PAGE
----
Child labor trafficking can take many forms, the most common being forced labor and debt bondage. Forced labor can occur through false job advertisements, promises of a better life or legal status, and familial recruitment. Traffickers often use force or threats of force, destruction of or confiscation of an individual’s identification documents, threats relating to legal status and debt bondage to exploit victims.
Debt bondage occurs when traffickers demand labor as a means of repayment for a real or alleged debt, yet they do not reasonably apply a victim’s wages toward the payment of the debt, or limit or redefine the nature and length of the debtor’s services.
Child Sex Trafficking
Child sex trafficking occurs when an individual younger than 18 trades sex or engages in a commercial sex act. Like child labor trafficking, child sex trafficking can happen in any community and can affect children and teens of all ages, races, genders, socioeconomic backgrounds, nationalities or place of birth. Children and teens are particularly vulnerable to this type of exploitation- especially those who come from unstable homes or lack emotional and family support.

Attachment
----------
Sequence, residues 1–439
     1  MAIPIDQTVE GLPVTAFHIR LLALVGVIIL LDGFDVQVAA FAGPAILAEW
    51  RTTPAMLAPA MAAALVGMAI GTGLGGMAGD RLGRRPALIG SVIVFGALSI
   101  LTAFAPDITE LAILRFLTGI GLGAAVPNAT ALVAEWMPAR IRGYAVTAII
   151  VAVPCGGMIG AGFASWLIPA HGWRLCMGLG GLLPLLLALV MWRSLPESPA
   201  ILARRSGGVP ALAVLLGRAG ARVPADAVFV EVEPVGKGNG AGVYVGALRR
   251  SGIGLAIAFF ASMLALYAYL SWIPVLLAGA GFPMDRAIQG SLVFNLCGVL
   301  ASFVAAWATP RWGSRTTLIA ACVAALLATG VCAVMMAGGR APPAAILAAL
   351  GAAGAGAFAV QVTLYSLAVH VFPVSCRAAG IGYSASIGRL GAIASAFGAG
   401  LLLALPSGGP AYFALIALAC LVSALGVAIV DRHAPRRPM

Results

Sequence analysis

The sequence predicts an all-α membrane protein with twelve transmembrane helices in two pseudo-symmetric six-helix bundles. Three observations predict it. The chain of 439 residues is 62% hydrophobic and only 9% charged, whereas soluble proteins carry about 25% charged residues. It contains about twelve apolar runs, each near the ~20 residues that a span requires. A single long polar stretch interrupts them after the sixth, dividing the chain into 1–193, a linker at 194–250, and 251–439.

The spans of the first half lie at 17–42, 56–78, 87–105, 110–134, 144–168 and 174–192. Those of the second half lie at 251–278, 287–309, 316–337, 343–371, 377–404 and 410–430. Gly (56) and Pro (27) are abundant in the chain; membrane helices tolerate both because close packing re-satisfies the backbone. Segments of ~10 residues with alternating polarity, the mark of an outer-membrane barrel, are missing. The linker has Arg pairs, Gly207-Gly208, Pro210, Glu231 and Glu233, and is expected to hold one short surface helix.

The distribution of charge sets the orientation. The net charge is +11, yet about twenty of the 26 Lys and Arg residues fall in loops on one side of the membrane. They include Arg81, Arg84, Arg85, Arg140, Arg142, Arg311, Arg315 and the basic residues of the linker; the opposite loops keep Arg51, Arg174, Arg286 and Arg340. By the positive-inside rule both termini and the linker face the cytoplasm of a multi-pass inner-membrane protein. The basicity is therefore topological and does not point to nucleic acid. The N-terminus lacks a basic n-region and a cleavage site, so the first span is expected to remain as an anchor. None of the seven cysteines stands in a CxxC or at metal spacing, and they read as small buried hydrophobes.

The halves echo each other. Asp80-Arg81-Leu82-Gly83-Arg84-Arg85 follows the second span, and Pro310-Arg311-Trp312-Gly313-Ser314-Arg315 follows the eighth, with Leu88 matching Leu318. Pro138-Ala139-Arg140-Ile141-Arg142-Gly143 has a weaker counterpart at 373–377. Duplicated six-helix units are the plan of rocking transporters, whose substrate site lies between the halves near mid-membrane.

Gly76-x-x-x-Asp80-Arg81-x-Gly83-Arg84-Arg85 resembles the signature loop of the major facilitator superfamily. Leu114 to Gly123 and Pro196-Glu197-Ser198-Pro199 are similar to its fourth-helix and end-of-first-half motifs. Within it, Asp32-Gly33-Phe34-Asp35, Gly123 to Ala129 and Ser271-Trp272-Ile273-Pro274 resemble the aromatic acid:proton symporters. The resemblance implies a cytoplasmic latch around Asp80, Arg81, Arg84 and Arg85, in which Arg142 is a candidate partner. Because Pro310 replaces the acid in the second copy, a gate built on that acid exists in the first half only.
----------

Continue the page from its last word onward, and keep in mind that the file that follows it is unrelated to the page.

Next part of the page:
Research has shown that traffickers often target children and teens who may be more vulnerable by using psychological pressure and intimidation to control and sexually exploit those young people for financial benefit.
Children younger than 18 are not legally allowed to consent to commercial sex acts. Child sex trafficking can occur at strip clubs and illegal, illicit massage parlors but is more frequently identified in online adds, in hotel rooms or homes. Survival sex occurs when a child is offered a place to stay, food, drugs, or anything else of value in exchange for sex. This is why young people who are experiencing homelessness are particularly vulnerable to traffickers: According to the National Center for Missing and Exploited Children 1 in 7 children reporting missing likely experienced sex trafficking.
Sex traffickers, who are they?